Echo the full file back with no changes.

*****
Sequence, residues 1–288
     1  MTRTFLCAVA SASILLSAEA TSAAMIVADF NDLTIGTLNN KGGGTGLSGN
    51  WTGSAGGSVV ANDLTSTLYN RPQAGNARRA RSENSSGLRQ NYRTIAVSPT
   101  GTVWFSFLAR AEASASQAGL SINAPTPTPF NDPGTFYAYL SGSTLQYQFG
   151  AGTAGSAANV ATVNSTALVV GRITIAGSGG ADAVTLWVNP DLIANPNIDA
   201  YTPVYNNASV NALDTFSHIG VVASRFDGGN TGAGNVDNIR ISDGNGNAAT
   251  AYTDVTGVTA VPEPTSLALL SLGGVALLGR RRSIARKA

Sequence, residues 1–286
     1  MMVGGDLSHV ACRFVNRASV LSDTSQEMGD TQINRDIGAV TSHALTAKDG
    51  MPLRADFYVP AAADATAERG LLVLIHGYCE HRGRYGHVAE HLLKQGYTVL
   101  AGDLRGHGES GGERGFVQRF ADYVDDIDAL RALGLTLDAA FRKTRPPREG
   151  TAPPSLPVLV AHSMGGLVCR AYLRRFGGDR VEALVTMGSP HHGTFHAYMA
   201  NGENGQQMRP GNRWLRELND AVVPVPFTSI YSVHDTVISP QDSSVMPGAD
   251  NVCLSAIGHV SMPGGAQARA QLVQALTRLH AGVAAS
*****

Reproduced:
Sequence, residues 1–288
     1  MTRTFLCAVA SASILLSAEA TSAAMIVADF NDLTIGTLNN KGGGTGLSGN
    51  WTGSAGGSVV ANDLTSTLYN RPQAGNARRA RSENSSGLRQ NYRTIAVSPT
   101  GTVWFSFLAR AEASASQAGL SINAPTPTPF NDPGTFYAYL SGSTLQYQFG
   151  AGTAGSAANV ATVNSTALVV GRITIAGSGG ADAVTLWVNP DLIANPNIDA
   201  YTPVYNNASV NALDTFSHIG VVASRFDGGN TGAGNVDNIR ISDGNGNAAT
   251  AYTDVTGVTA VPEPTSLALL SLGGVALLGR RRSIARKA

Sequence, residues 1–286
     1  MMVGGDLSHV ACRFVNRASV LSDTSQEMGD TQINRDIGAV TSHALTAKDG
    51  MPLRADFYVP AAADATAERG LLVLIHGYCE HRGRYGHVAE HLLKQGYTVL
   101  AGDLRGHGES GGERGFVQRF ADYVDDIDAL RALGLTLDAA FRKTRPPREG
   151  TAPPSLPVLV AHSMGGLVCR AYLRRFGGDR VEALVTMGSP HHGTFHAYMA
   201  NGENGQQMRP GNRWLRELND AVVPVPFTSI YSVHDTVISP QDSSVMPGAD
   251  NVCLSAIGHV SMPGGAQARA QLVQALTRLH AGVAAS